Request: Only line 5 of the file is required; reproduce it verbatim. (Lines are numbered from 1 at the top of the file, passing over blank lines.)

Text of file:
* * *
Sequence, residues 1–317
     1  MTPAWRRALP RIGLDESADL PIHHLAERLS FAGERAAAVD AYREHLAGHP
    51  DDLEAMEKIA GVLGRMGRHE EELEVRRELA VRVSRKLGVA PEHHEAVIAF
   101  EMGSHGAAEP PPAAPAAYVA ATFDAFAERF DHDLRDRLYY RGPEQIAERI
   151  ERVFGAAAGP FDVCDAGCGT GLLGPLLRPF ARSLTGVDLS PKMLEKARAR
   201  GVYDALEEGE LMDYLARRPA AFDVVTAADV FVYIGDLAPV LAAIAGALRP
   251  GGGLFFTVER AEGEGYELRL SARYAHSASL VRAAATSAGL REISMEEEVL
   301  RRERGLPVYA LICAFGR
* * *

   151  ERVFGAAAGP FDVCDAGCGT GLLGPLLRPF ARSLTGVDLS PKMLEKARAR